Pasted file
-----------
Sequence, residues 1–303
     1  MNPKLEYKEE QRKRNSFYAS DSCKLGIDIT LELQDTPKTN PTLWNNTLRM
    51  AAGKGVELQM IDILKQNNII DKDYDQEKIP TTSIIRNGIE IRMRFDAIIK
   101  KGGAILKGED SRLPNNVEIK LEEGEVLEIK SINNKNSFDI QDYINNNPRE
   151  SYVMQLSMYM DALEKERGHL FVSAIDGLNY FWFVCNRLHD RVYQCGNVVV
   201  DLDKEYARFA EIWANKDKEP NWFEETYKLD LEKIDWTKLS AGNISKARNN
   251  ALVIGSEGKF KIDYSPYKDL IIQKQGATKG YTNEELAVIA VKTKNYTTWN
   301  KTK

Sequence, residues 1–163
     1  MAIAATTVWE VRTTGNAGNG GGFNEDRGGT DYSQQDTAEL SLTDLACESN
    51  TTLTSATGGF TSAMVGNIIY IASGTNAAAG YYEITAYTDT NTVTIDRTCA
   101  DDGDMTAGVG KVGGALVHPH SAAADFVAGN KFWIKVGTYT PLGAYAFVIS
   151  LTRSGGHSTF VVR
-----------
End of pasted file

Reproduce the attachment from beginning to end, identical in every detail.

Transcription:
Sequence, residues 1–303
     1  MNPKLEYKEE QRKRNSFYAS DSCKLGIDIT LELQDTPKTN PTLWNNTLRM
    51  AAGKGVELQM IDILKQNNII DKDYDQEKIP TTSIIRNGIE IRMRFDAIIK
   101  KGGAILKGED SRLPNNVEIK LEEGEVLEIK SINNKNSFDI QDYINNNPRE
   151  SYVMQLSMYM DALEKERGHL FVSAIDGLNY FWFVCNRLHD RVYQCGNVVV
   201  DLDKEYARFA EIWANKDKEP NWFEETYKLD LEKIDWTKLS AGNISKARNN
   251  ALVIGSEGKF KIDYSPYKDL IIQKQGATKG YTNEELAVIA VKTKNYTTWN
   301  KTK

Sequence, residues 1–163
     1  MAIAATTVWE VRTTGNAGNG GGFNEDRGGT DYSQQDTAEL SLTDLACESN
    51  TTLTSATGGF TSAMVGNIIY IASGTNAAAG YYEITAYTDT NTVTIDRTCA
   101  DDGDMTAGVG KVGGALVHPH SAAADFVAGN KFWIKVGTYT PLGAYAFVIS
   151  LTRSGGHSTF VVR